Assembly Republican Leader Jon Bramnick (R-Union) joined in support of Christie's referendum proposal.

"An issue of this magnitude should be decided by the voters of New Jersey. Legalizing same sex-marriage represents a significant change from the way marriage has been traditionally defined," Bramnick said. "The voters deserve the right to settle this issue by referendum in November."

Here are Christie's complete comments on the same-sex marriage issue:

"This issue that our state is exploring — whether or not to redefine hundreds of years of societal and religious traditions — should not be decided by 121 people in the State House in Trenton.

"The fact is we're discussing huge change and I believe we need to approach this not only in a thoughtful way, not in a rushed way, but also in a way where we're able to get the most input that we can from the public.

"So, if New Jersey is seriously looking to overturn hundreds of years of societal, legal and religious tradition, we need to give the issue the weight that it merits.

"So, I think that this is not an issue that should rest solely in my hands, in the hands of the Senate President, or in the hands of the Speaker or the other 118 members of the Legislature.

"Let's let the people of New Jersey decide what is right for the state.

"Let's put the question of same-sex marriage on the ballot this fall, in the hands of the people, at the time where the most people will be voting, in the presidential election year.

"I support giving New Jerseyans the ability to give voice to their support or their opposition to this issue.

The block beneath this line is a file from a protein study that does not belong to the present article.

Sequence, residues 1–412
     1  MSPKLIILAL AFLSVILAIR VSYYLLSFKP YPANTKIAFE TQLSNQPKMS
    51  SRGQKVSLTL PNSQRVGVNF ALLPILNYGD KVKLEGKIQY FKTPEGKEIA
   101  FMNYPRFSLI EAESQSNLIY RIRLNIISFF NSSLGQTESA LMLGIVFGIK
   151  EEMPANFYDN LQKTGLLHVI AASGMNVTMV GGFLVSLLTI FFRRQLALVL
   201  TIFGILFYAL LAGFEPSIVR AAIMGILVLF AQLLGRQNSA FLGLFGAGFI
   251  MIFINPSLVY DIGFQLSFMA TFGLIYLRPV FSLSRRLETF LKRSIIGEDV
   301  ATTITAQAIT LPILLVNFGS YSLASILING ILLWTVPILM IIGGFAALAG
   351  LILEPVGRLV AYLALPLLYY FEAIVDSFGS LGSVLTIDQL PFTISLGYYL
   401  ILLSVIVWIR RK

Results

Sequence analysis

"We have an opportunity now to take away political maneuvering and political advantage and the inherent issues that existed the last time this issue was before the legislature when it failed.

"Let's make sure that political maneuvering is not what judges this, and let's make sure this is not just someone trying to have fun and create a campaign issue. It's too serious - the institution of marriage is too serious to be treated like a political football.

"So, my message to the Legislature — and this is simple — and I'm doing it today because today is the first day they're beginning to consider it. Let's stop treating this like a political football and let's let the people of New Jersey decide.

"That way those who are in favor, those who are opposed, will have the opportunity to make their case over the next nine months to the people of New Jersey. And then, in the year when the most people will be voting, we get a decision. And the people decide whether or not they believe same-sex marriage should exist in this State or not.

"I would certainly be willing to be governed by the decision of the people this State, especially in a year that the most people will be voting in the state.

"And I would hope that the legislature would be willing to trust the people, the way I'm willing to trust the people.

"This issue is too big and too consequential not to trust the people who will be governed ultimately by any change in law or maintenance of the current law."